(Corrects to remove reference to Matjila being suspended in paragraph 8)
JOHANNESBURG, March 12 (Reuters) – A judicial inquiry into South Africa’s state asset manager found major impropriety, bad governance and victimization of staff, its report to President Cyril Ramaphosa showed on Thursday.
The findings are a blow to the reputation of the Public Investment Corporation (PIC), one of Africa’s largest fund managers which oversees more than 2 trillion rand ($120.9 billion) of investments on behalf of clients including the Government Employees Pension Fund.
Ramaphosa’s office said the inquiry’s report required the urgent attention of the criminal justice system, finance ministry and PIC board of directors.
“There has been substantial impropriety at the PIC, poor and ineffective governance, inadequate oversight, confusion regarding the role and function of the Board and its various sub-committees, victimization of employees and a disregard for due process,” the inquiry’s report read.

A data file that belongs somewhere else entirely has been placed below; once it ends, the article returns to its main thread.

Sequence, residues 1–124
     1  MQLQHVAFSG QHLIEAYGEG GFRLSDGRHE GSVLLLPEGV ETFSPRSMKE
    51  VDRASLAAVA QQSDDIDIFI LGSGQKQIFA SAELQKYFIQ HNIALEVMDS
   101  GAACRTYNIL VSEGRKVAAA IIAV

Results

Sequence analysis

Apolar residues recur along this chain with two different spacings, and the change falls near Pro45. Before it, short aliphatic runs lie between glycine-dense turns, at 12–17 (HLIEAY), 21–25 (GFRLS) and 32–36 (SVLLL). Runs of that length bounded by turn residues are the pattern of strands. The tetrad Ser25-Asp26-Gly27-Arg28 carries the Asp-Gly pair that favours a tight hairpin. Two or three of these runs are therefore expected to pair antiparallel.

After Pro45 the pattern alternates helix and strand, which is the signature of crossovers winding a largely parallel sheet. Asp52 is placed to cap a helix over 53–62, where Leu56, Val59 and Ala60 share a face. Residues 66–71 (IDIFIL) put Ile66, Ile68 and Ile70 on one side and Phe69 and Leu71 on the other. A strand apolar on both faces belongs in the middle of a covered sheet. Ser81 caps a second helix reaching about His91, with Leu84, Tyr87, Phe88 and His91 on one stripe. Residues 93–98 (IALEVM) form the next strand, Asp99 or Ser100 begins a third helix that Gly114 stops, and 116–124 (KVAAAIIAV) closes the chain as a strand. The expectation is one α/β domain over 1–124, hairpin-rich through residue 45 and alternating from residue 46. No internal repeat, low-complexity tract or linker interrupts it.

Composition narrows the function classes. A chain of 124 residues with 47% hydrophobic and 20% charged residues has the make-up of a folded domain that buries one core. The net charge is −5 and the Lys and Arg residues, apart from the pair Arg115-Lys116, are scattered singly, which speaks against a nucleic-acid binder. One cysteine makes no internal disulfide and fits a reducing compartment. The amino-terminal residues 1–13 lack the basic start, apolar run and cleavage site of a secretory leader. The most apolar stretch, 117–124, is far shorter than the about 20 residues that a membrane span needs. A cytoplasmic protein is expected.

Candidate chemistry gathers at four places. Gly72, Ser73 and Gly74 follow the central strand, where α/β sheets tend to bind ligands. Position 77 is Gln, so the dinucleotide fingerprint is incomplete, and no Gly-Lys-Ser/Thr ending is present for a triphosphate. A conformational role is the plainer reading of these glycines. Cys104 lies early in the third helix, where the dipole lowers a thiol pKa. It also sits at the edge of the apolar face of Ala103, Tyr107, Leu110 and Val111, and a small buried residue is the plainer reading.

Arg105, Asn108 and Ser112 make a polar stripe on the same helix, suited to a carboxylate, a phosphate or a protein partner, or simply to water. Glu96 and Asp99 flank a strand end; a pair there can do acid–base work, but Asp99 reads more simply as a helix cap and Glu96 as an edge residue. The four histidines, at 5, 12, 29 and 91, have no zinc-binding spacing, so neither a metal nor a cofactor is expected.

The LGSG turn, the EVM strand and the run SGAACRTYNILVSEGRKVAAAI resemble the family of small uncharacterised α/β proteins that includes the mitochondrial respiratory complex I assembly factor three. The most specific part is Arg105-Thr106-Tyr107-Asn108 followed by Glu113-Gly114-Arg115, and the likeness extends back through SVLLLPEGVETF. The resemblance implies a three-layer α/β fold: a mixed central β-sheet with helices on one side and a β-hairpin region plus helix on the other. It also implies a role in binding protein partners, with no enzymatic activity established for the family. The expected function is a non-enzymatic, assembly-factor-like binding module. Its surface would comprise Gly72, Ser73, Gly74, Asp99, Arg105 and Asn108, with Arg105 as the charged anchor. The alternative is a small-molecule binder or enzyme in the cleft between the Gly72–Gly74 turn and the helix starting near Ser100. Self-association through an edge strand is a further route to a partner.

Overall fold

“There are clear instances where the Commission found that directors and/or employees benefited unduly from the positions of trust that they held.”
A PIC spokesman could not immediately comment on the inquiry’s findings.
Ramaphosa appointed the inquiry into the PIC in 2018 after opposition parties accused executives including former Chief Executive Dan Matjila of misusing funds and making careless investment decisions.
Matjila denied the allegations against him, but he resigned soon after the inquiry was set up. He was not available for comment on Thursday.
The state-owned PIC holds large stakes in blue-chip companies on the Johannesburg Stock Exchange and bonds of prominent state firms like struggling power utility Eskom. It also holds a large portfolio of real estate and unlisted investments.
“The PIC must recover all the monies utilized in irregular transactions or unlawfully paid out,” Ramaphosa was quoted as saying in a statement.
“Potential criminal behavior has also been highlighted, which should be followed up by law enforcement agencies.”
($1 = 16.5374 rand) (Reporting by Alexander Winning Editing by Tim Cocks and Gareth Jones)